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No Lasting Value for Minimally Invasive Lumbar Laminotomy

No differences or improvement in back or leg pain, ODI, neurogenic symptoms, SF-36 scores

TUESDAY, July 28, 2015 (HealthDay News) -- For patients with neural foraminal or lateral recess stenosis with unilateral leg neurogenic symptoms (NS), a minimally invasive surgical (MIS) approach offers no advantage over an open lumbar laminotomy approach in the longer term, according to a study published in the Aug. 1 issue of The Spine Journal.

Chia-Liang Ang, M.B.B.S., M.Med., from the Singapore General Hospital, and colleagues compared postoperative improvements in functional and pain scores for open versus MIS lumbar laminotomy in a retrospective study. Data were reviewed for 113 patients who underwent MIS (83 patients) or open (30 patients) unilateral one-level lumbar laminotomy for treatment of neural foraminal or lateral recess stenosis with unilateral leg NS.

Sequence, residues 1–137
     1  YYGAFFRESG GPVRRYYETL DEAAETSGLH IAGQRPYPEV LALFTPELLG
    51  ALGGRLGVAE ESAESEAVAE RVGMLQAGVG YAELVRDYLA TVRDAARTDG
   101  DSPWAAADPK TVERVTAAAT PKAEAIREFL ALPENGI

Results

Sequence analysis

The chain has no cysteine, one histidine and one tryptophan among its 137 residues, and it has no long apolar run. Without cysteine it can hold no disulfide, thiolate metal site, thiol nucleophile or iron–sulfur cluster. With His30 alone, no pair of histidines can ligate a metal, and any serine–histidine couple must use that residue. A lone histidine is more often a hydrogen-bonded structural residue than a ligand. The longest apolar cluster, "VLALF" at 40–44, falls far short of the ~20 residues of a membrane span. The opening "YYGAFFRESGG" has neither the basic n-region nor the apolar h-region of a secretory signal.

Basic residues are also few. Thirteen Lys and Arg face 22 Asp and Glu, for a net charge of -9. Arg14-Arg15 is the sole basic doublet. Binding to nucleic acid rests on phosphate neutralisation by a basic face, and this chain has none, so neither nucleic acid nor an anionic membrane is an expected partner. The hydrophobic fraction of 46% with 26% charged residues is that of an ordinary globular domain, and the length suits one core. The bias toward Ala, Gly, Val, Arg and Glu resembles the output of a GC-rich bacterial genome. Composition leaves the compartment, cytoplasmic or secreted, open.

The researchers observed no differences in improvement in back or leg pain, or in improvement in Oswestry Disability Index, NS, or Short Form-36 scores at six or 24 months after surgery. At six, but not 24, months there was greater satisfaction with treatment in the MIS group (P = 0.009). Within 24 months, three patients experienced an inadvertent durotomy and two underwent fusion of the operated segment in the MIS group.

"Compared with an open approach, MIS lumbar laminotomy gave no clear advantages in longer-term functional or pain scores," the authors write.

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